17 Jan What is the Likelihood of a Dischargeability Challenge by a Credit Card Lender
I make about $46,000 a year in gross annual income and I believe I qualify for Chapter 7 Bankruptcy, but what happens if I have $80,000 in credit card debt? Is that just erased under Chapter 7, assuming I qualify for Chapter 7? Does the bank try to get back some of that debt if a portion of that $80,000 debt was gifts given to friends?
Answer: if you qualify for Chapter 7 (meaning that your household median income falls below the median for your State or that you qualify under the means test), it is very possible that the entire $80,000 would be wiped out.
My experience has been that credit card lenders look at the following factors when deciding whether to challenge the dischargeability of a debt:
- how much debt is owed to a particular creditor? if you owe a particular credit card lender $15,000 or less, the likelihood of a challenge is reduced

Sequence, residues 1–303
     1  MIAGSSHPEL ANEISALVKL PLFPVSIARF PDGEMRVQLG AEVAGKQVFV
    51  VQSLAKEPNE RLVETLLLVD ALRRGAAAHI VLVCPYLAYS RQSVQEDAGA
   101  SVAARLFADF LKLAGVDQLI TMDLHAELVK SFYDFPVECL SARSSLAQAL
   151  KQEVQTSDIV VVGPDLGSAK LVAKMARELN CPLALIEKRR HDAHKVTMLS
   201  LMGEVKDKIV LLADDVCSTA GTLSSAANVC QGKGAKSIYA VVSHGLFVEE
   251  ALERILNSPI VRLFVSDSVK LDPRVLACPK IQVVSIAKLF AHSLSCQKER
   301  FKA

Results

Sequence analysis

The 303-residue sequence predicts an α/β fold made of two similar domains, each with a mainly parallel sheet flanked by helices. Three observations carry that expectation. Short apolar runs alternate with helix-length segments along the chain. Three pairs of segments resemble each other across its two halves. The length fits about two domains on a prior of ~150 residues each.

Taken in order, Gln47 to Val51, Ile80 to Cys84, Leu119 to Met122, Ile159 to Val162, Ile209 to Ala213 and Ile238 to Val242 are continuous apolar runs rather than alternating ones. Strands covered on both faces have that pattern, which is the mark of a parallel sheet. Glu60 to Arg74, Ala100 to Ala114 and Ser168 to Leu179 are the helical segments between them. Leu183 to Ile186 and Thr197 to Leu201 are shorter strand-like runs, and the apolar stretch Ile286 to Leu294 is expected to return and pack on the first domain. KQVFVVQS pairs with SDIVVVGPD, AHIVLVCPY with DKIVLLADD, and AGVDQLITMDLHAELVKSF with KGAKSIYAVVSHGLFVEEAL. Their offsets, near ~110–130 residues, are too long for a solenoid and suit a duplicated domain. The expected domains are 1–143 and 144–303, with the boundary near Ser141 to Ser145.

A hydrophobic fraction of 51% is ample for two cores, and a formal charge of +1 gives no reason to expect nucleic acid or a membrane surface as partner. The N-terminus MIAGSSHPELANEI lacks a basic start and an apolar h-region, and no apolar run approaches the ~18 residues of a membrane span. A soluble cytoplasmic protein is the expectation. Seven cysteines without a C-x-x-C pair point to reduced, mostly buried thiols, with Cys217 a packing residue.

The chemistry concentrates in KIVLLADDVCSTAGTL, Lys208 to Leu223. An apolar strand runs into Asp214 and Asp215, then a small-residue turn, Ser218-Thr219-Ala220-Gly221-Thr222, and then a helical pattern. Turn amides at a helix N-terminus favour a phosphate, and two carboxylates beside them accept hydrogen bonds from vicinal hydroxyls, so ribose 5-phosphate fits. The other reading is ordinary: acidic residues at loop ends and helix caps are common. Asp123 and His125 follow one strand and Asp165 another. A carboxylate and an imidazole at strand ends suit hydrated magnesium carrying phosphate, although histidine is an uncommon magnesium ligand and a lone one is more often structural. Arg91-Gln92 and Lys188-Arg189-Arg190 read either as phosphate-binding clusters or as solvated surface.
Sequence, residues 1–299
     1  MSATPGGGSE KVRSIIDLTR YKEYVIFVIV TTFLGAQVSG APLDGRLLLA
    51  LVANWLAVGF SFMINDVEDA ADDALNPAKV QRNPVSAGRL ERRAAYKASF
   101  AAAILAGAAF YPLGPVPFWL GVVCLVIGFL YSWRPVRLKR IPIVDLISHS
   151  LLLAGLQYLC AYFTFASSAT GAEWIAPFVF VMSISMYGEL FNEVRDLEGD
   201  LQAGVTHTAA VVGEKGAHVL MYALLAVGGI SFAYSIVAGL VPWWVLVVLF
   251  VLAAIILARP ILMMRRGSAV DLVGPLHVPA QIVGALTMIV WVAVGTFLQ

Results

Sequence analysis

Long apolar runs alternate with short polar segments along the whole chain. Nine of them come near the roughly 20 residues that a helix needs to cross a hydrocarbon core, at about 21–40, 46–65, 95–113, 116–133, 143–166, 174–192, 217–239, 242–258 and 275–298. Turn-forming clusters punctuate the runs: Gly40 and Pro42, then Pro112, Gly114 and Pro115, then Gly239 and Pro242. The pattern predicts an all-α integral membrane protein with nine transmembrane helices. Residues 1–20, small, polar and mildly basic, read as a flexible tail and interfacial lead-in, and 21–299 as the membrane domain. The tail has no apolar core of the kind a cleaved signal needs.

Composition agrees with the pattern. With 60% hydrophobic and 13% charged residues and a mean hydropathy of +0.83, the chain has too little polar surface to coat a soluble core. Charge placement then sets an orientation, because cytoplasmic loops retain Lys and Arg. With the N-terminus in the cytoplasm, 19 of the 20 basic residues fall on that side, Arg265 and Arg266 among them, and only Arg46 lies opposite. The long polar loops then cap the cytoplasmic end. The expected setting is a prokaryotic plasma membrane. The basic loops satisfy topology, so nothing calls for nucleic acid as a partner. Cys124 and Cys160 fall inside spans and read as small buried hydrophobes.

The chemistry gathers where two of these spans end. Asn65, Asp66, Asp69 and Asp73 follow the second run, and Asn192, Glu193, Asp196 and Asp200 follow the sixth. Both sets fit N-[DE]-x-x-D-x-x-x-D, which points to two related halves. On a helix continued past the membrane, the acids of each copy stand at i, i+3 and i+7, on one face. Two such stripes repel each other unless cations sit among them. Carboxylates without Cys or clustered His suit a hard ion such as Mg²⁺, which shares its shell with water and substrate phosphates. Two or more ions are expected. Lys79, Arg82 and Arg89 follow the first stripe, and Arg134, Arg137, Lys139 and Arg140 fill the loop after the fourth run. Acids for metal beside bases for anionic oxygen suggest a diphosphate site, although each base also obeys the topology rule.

- how recent was your most recent use of the lender’s credit line? if your balance was accrued over several years and there is no recent deviation from your pattern of use, then the likelihood of a challenge is reduced
- when you tapped into your credit card over the past 12 to 18 months, would a reasonable person conclude that you had a reasonable expectation of repayment? if so, the likelihood of a challenge is reduced
- were there any material misstatements or misrepresentations on your credit card application – if you were truthful about your employment, your income and your expenses, then the likelihood of a challenge is reduced
Unless your conduct was truly egregious, challenges to discharge are relatively rare. Your lawyer can analyze your personal situation and advise you if a challenge is likely.
I get this question a lot in my Atlanta bankruptcy law practice. I have also addressed the issue of creditor dischargeability actions on my Atlanta bankruptcy blog.
Jonathan Ginsberg, Esq.
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